Mario Lemieux, Pittsburgh Penguins (1991-92)

Another Penguins legend, Lemieux finished the 1991-92 regular season with 131 points (44 goals, 87 assists) in 64 games, winning the third of his six Art Ross Trophies. Pittsburgh finished tied for third in the Patrick Division with 87 points, setting up a date with the Washington Capitals in the first round of the playoffs.

Mario Lemieux, Pittsburgh Penguins (Photo by Bruce Bennett Studios/Getty Images)

Then 26 years old, Lemieux scored 17 points, including a six-point and a five-point performance, to help Pittsburgh beat Washington in seven games. He finished with 34 points (16 goals, 18 assists) in 15 postseason games as the Penguins cruised to their second straight Stanley Cup, and Lemieux won his second straight Conn Smythe.

Wayne Gretzky, Edmonton Oilers (1982-83, 1983-84, 1984-85, 1986-87)

Gretzky once again shows up on a scoring list, accomplishing the feat multiple times. He won the Art Ross Trophy seven seasons in a row between 1981 to 87, with his single-season point totals ranging from 164 (55 goals, 109 assists) in 1980-81 to 215 (52 goals, 163 assists) in 1985-86. Gretzky also had the most playoff points in four of those years.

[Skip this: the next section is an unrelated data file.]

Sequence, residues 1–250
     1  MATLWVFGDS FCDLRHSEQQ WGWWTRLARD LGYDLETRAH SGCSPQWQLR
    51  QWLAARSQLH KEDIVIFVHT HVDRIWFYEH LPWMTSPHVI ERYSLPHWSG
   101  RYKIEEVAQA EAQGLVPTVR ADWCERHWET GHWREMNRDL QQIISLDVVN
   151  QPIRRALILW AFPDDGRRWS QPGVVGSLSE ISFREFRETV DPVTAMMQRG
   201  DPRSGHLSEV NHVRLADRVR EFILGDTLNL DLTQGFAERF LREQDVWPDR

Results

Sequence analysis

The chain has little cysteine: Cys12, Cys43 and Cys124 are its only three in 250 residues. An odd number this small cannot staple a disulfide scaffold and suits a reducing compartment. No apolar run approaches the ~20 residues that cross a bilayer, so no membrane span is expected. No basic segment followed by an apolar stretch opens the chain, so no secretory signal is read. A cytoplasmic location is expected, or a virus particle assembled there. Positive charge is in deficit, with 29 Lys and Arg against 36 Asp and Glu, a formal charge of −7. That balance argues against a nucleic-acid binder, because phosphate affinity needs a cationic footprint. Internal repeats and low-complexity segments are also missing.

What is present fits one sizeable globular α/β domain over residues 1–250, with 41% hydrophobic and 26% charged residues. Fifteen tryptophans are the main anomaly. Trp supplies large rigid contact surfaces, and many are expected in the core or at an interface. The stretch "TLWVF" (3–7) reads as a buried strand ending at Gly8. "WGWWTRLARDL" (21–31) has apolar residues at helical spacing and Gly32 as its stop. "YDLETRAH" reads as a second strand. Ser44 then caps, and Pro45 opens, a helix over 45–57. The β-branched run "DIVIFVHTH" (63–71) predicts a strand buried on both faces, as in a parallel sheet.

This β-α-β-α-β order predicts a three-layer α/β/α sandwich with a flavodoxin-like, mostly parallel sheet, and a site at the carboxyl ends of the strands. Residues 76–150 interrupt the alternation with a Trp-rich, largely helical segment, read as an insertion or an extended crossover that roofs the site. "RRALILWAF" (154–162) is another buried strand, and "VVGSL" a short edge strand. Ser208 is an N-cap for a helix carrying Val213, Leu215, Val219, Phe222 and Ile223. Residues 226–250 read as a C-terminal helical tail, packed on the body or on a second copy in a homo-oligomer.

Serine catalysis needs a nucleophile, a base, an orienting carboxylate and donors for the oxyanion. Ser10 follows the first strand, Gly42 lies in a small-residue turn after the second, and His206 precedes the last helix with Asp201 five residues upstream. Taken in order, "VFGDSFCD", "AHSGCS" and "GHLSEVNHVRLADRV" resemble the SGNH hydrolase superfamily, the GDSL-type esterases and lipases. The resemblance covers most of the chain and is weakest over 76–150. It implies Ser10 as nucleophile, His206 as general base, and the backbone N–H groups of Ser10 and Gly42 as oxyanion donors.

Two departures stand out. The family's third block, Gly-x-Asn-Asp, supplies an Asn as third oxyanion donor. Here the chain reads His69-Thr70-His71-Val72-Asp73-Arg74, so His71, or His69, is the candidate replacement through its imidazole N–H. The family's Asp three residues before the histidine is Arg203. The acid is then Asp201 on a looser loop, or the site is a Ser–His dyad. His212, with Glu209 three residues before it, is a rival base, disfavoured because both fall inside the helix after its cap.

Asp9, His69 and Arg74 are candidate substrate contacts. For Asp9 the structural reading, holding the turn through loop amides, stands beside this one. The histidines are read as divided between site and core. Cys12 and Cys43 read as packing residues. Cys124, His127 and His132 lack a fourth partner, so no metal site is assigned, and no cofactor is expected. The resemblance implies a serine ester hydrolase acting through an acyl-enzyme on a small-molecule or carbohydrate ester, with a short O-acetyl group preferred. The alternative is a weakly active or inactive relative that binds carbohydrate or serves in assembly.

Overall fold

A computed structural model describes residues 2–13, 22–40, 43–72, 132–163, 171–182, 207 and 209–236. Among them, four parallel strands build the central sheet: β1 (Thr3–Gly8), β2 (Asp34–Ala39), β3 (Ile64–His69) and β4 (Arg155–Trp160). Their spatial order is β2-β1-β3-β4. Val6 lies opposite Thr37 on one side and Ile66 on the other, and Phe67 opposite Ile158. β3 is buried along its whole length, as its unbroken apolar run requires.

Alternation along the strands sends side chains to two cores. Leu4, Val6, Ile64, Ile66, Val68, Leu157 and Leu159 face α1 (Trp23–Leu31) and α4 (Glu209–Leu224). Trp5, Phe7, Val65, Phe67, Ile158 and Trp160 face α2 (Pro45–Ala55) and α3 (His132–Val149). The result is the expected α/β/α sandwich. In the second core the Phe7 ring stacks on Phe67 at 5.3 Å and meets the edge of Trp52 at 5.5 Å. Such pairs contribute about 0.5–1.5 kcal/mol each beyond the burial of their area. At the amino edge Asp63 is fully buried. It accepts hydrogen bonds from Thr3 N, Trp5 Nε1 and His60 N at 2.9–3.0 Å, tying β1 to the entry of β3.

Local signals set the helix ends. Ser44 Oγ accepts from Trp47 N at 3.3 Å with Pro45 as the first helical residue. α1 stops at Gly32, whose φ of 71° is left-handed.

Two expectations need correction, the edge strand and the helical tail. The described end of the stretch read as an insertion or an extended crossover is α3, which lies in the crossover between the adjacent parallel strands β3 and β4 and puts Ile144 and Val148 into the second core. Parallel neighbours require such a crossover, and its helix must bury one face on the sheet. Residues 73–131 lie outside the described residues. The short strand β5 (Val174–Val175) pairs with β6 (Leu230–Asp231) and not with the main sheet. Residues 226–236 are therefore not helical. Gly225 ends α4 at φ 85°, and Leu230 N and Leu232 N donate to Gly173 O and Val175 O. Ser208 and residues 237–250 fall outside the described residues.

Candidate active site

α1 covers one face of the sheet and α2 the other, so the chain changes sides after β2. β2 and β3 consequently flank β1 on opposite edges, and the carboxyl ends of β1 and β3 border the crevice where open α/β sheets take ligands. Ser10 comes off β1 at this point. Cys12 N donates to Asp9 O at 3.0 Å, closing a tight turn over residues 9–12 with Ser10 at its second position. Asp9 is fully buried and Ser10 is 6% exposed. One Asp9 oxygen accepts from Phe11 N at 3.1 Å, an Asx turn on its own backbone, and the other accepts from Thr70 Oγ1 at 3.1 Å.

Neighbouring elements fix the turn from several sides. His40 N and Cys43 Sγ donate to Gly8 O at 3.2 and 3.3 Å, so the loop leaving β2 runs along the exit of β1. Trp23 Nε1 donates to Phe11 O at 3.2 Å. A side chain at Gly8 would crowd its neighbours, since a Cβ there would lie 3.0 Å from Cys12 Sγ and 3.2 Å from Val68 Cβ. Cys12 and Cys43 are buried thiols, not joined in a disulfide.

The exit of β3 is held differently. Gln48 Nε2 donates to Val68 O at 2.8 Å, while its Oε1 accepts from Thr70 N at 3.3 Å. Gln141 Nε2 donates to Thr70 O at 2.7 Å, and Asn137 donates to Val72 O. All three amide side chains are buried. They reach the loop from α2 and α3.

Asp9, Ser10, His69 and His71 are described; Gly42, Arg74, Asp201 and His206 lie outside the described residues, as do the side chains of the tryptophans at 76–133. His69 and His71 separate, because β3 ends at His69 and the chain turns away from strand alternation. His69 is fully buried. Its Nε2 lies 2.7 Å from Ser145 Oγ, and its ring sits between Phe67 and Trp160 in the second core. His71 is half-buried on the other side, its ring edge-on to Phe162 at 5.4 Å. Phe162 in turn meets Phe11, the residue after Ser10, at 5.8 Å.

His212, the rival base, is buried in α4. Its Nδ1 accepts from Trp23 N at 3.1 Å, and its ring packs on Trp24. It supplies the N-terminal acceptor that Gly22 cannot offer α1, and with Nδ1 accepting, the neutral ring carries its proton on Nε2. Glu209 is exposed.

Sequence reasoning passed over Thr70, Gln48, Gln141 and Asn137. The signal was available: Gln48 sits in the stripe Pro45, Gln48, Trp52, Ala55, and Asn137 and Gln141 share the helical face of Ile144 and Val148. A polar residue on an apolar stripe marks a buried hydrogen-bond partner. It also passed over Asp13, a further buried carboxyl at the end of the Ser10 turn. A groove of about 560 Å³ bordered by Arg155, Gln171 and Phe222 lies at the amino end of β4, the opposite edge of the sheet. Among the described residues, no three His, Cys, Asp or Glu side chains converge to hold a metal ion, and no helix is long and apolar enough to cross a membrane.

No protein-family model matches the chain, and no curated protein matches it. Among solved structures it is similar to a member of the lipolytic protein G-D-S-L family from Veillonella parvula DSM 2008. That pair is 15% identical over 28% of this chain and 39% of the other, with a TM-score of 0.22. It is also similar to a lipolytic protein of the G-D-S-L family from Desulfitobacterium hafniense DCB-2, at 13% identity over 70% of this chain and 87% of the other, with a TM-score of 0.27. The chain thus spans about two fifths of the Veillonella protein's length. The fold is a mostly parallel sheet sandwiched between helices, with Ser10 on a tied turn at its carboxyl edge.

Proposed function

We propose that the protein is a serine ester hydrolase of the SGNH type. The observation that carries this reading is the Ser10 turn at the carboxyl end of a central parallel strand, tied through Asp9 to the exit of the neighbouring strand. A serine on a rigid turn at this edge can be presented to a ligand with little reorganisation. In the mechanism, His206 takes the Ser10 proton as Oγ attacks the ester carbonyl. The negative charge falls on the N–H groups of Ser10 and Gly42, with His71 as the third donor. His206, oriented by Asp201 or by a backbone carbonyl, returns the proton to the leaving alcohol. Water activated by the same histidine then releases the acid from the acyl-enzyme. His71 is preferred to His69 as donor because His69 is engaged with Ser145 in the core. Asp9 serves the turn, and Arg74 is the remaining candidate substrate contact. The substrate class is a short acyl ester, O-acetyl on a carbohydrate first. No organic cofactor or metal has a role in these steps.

Wayne Gretzky, Edmonton Oilers (Photo by B Bennett/Bruce Bennett Studios/Getty Images)

In 1983, he scored 38 points (12 goals, 26 assists) in 16 postseason games as the Oilers made it to the Stanley Cup Final, losing to the New York Islanders. He followed that up by leading Edmonton to a Stanley Cup title with 35 points (13 goals, 22 assists) in 19 games in 1984. Gretzky’s 1985 postseason was the best of his career, recording 43 points (12 goals, 31 assists) in 19 games, leading the Oilers to their second straight championship and winning the Conn Smythe Trophy. He led them to another title in 1987, finishing with 34 points (five goals, 29 assists) in 21 playoff games.

Stanley Cup Playoffs Bracket

Stanley Cup Playoffs Leading Scorers

Today’s NHL Schedule